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Author Topic: Prometheus novelisation?  (Read 6302 times)

The Eighth Passenger
Aug 28, 2016, 06:06:32 PM
Reply #30 on: Aug 28, 2016, 06:06:32 PM
Q
So there's an old book, well, a short story really, called "who goes there?"

That was the book that John carpenters the thing was based on. And I believe Alan dean foster wrote a novelization for that movie...

So a novel, based on a movie, based on a book/short story.... Just thought I'd throw that out there. :-)

There was another funny one. Phillip K. Dick wrote a book called "Do Androids Dream of Electric Sheep?". Then they made a movie based on it called "Blade Runner". Then shortly before the film was released they asked Phillip K. Dick if he would be interested in writing the Blade Runner novelization.

Now maybe they were unaware of his earlier public denouncement of the Blade Runner script but they did offer him a shit-tonne of money to write a book based upon a film that was based upon one of his books. Of course the catch was that his original novel would have to be suppressed. Unsurprisingly, Mr. Dick was quite frank in where they could stick their "novelization".


Mr. Clemens
Aug 28, 2016, 06:20:13 PM
Reply #31 on: Aug 28, 2016, 06:20:13 PM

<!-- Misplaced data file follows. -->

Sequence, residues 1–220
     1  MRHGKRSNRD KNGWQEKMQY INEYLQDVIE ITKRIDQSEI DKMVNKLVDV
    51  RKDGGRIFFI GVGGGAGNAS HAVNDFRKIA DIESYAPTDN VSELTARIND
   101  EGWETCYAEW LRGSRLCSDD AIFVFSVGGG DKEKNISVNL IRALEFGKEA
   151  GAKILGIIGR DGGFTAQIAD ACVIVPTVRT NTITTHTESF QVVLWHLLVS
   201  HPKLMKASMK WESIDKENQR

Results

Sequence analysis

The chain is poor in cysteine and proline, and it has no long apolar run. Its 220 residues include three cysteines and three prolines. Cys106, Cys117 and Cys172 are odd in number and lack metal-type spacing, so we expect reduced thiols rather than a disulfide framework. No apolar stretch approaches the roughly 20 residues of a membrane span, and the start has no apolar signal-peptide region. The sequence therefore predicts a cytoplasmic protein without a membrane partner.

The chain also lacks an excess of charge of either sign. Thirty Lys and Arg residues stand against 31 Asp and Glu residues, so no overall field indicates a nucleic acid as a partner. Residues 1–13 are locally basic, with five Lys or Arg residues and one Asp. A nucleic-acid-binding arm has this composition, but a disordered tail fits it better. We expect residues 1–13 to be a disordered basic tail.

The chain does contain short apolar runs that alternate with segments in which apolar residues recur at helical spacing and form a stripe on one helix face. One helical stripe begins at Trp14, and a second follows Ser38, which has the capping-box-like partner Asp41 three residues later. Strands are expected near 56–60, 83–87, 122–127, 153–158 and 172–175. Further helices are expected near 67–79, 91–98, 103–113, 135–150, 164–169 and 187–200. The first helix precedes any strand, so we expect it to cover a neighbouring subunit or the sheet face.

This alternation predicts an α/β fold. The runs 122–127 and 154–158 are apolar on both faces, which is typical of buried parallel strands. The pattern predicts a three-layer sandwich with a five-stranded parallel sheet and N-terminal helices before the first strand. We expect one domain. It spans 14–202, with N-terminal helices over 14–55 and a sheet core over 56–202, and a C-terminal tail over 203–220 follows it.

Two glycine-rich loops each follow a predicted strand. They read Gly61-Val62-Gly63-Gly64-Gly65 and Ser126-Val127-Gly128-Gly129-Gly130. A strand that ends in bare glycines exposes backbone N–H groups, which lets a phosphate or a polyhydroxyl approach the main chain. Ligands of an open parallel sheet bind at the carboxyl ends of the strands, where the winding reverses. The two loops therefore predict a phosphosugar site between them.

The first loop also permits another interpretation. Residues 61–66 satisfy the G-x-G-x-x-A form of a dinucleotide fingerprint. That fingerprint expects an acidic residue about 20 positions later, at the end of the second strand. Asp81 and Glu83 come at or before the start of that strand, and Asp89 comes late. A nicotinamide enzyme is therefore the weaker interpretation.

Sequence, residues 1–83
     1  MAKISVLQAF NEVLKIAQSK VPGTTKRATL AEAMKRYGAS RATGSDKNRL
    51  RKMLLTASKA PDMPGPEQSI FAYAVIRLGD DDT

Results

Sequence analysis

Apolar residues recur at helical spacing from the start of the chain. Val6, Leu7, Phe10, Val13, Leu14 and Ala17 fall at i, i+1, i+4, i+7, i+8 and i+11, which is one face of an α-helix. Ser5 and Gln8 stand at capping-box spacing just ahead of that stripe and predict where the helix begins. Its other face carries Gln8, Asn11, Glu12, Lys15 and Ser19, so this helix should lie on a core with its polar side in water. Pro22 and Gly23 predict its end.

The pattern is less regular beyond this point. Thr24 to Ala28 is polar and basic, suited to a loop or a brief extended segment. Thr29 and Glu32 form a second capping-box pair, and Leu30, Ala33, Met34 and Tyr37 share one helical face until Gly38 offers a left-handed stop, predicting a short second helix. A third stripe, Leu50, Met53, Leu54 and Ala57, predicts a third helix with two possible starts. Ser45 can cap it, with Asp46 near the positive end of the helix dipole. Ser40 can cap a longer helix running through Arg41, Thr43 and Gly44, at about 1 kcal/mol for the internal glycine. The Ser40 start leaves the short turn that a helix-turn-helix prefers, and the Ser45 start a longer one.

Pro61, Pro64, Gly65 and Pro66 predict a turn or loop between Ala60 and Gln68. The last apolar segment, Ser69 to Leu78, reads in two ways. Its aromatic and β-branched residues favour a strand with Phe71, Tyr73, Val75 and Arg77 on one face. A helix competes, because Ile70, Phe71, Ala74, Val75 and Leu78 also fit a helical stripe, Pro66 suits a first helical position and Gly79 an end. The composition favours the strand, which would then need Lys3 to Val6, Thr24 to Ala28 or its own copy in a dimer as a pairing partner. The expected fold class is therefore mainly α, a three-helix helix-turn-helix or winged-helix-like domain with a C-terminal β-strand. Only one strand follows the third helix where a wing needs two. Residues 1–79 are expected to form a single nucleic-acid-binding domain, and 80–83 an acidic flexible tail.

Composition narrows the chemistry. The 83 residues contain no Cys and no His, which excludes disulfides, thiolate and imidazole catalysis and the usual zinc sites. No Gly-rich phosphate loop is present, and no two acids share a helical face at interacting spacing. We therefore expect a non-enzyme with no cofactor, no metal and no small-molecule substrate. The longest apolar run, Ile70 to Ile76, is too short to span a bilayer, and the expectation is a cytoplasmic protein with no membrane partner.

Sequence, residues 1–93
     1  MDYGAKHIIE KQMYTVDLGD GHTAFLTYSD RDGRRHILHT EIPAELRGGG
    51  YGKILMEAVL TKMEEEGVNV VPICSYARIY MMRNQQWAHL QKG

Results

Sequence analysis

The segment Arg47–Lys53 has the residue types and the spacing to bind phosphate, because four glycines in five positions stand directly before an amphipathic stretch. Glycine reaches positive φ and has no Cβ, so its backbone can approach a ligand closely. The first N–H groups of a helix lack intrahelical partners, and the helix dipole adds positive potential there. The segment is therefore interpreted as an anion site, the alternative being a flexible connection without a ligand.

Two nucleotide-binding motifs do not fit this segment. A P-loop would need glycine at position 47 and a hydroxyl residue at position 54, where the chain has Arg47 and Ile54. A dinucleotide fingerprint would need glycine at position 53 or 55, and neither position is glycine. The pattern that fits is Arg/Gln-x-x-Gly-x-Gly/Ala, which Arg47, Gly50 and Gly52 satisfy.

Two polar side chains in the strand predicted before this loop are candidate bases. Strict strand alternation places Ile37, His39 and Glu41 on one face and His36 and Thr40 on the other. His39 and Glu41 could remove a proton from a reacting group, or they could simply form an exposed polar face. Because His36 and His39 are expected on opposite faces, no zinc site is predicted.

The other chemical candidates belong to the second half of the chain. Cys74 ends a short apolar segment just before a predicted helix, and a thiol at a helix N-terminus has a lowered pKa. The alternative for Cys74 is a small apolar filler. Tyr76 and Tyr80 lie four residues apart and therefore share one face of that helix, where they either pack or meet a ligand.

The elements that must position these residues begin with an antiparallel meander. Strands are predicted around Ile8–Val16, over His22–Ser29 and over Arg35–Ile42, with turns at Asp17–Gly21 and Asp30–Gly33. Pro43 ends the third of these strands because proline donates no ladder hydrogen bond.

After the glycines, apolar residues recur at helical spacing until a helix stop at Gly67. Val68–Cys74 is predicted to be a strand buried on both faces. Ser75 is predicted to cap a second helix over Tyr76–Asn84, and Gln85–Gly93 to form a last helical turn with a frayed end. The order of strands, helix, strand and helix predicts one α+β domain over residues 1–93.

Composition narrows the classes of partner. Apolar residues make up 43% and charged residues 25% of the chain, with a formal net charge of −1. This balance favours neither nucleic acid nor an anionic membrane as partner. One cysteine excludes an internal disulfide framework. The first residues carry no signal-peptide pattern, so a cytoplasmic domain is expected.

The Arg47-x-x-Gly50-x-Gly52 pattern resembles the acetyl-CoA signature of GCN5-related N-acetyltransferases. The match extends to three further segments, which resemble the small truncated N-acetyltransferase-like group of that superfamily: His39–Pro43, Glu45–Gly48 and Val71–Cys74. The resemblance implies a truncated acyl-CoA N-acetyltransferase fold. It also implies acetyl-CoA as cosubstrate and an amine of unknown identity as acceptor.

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He even joked that they could get Alan Dean Foster to write it.  :D


Engineer
Aug 28, 2016, 06:23:59 PM
Reply #32 on: Aug 28, 2016, 06:23:59 PM
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Lmao! Wow did not know all that! Now THATs a classic story! :-)


windebieste
Aug 28, 2016, 09:15:12 PM
Reply #33 on: Aug 28, 2016, 09:15:12 PM
Q
Unfortunately, Dick died before the movie was released.  He did see a rough cut of the movie and I believe he approved of it. 

To continue bouncing the subject around, from book to movie to book again consider this.   K.W. Jetter went on to write the official book, 'Blade Runner 2' which was published in 1995.  It was OK.  Mind you, I don't believe the upcoming movie draws any influence from it at all.  We may yet end up with an official novelisation of the film.  I wonder what they'll call it? 'Blade Runner 2: (Tagline)'  I guess.

-Windebieste.


The Eighth Passenger
Aug 28, 2016, 09:46:30 PM
Reply #34 on: Aug 28, 2016, 09:46:30 PM
Q
Unfortunately, Dick died before the movie was released.  He did see a rough cut of the movie and I believe he approved of it.